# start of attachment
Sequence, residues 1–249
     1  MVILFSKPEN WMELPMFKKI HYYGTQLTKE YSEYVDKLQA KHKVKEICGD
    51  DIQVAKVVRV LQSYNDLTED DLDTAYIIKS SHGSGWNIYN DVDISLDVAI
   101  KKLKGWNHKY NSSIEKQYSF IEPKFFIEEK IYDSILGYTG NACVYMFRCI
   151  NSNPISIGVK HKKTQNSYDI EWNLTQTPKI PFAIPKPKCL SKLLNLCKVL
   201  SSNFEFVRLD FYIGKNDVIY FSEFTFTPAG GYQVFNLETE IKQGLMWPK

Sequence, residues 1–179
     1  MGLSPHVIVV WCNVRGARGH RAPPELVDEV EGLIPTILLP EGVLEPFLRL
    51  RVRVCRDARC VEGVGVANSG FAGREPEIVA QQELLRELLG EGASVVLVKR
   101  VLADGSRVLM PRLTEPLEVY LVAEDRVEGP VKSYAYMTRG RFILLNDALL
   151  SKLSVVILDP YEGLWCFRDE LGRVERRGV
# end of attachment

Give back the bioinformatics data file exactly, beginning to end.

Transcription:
Sequence, residues 1–249
     1  MVILFSKPEN WMELPMFKKI HYYGTQLTKE YSEYVDKLQA KHKVKEICGD
    51  DIQVAKVVRV LQSYNDLTED DLDTAYIIKS SHGSGWNIYN DVDISLDVAI
   101  KKLKGWNHKY NSSIEKQYSF IEPKFFIEEK IYDSILGYTG NACVYMFRCI
   151  NSNPISIGVK HKKTQNSYDI EWNLTQTPKI PFAIPKPKCL SKLLNLCKVL
   201  SSNFEFVRLD FYIGKNDVIY FSEFTFTPAG GYQVFNLETE IKQGLMWPK

Sequence, residues 1–179
     1  MGLSPHVIVV WCNVRGARGH RAPPELVDEV EGLIPTILLP EGVLEPFLRL
    51  RVRVCRDARC VEGVGVANSG FAGREPEIVA QQELLRELLG EGASVVLVKR
   101  VLADGSRVLM PRLTEPLEVY LVAEDRVEGP VKSYAYMTRG RFILLNDALL
   151  SKLSVVILDP YEGLWCFRDE LGRVERRGV